Considering USO falls right in line with NFL opening weekend, College Football first two weeks, Pennant races of MLB. Wimby comes conveniently at a time when the only other major sport on in the USA at the same time is MLB in the middle of its season.

I'd say if you were to ask the average sports fan which name do they recognize more "Wimbledon" or "Flushing Meadows", Wimbledon wins 100% of the time.

cneblett
09-15-2012, 11:27 AM
Honestly I want to know where the ATP and other people in leadership of tennis get the idea people like long slow points. I have heard So many people who watch some tennis say it has just gotten boring. They will need to sapped the balls or the courts back up to get people to watch.

People ask how can you watch it the ball just goes back and forth with no one trying to win. Other old timers say this has become like Solomon dibbs matches from years ago. Need ability to end points then the great defense and speed become more interesting.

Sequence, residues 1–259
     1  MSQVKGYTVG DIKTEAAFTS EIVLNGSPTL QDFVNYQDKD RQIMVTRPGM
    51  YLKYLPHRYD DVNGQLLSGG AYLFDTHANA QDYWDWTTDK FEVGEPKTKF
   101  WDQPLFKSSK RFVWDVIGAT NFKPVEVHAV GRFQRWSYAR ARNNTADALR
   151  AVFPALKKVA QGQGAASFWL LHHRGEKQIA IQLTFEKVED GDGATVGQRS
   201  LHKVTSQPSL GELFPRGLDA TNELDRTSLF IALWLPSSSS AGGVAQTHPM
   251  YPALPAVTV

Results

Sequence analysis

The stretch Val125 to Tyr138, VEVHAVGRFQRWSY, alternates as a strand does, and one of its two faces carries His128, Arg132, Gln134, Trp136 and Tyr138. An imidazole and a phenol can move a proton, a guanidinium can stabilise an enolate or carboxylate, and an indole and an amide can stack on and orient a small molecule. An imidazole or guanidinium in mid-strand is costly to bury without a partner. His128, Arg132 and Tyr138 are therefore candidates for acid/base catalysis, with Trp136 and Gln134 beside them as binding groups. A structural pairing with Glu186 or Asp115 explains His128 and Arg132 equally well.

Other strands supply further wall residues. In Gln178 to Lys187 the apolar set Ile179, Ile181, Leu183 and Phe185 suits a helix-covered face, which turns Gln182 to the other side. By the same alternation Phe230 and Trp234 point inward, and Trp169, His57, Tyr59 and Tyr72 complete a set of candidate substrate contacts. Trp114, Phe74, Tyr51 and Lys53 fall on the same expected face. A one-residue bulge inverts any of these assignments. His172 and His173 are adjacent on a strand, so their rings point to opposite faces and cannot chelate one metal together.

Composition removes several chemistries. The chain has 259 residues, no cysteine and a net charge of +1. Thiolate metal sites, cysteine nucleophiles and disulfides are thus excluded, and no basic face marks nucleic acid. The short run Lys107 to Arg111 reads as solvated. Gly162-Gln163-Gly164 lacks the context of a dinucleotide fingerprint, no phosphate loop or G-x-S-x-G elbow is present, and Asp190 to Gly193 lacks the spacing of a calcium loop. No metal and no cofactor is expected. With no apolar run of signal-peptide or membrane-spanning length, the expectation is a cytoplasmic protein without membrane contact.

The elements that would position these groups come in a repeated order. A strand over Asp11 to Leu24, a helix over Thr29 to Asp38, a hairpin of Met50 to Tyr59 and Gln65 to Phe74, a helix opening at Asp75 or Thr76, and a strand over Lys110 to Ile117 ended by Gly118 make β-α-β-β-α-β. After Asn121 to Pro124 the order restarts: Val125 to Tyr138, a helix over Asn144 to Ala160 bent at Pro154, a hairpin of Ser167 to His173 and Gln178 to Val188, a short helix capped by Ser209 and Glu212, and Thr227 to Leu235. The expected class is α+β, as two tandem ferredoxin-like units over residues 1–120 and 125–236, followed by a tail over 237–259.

sureshs
09-15-2012, 11:51 AM
All matches should be best of 3 only.

tacou
09-15-2012, 11:57 AM
Ratings have always confused me, and these numbers are even more befuddling. So in America the finals received ~18 and ~16million respectively, but the two weeks averaged only 700,000?

That would mean on many days the US Open was pulling in less than half a million viewers per day? That is unfathomably low. As in, how much lower would viewership have to get before first week of US Open is not televised at all (other than TTC of course)?

BreakPoint
09-15-2012, 01:16 PM
Because last year Djokovic wasn't a star. Now the hype of his 2011 has arrived and he is a star. Group that with the fact that Murray is already a star, and you got big interest in the final. Last year it was the star Nadal vs the Serbian guy. This year it was star Djokovic vs star Murray.